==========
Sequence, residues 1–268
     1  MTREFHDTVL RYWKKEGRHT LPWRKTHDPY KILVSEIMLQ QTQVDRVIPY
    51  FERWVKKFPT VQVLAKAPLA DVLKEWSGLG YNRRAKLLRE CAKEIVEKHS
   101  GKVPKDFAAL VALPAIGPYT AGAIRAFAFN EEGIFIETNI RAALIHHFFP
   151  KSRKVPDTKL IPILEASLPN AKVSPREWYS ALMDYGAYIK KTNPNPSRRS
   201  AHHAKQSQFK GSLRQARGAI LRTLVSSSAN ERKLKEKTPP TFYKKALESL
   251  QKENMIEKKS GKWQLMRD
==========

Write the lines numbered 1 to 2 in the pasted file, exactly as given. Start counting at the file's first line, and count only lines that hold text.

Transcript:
Sequence, residues 1–268
     1  MTREFHDTVL RYWKKEGRHT LPWRKTHDPY KILVSEIMLQ QTQVDRVIPY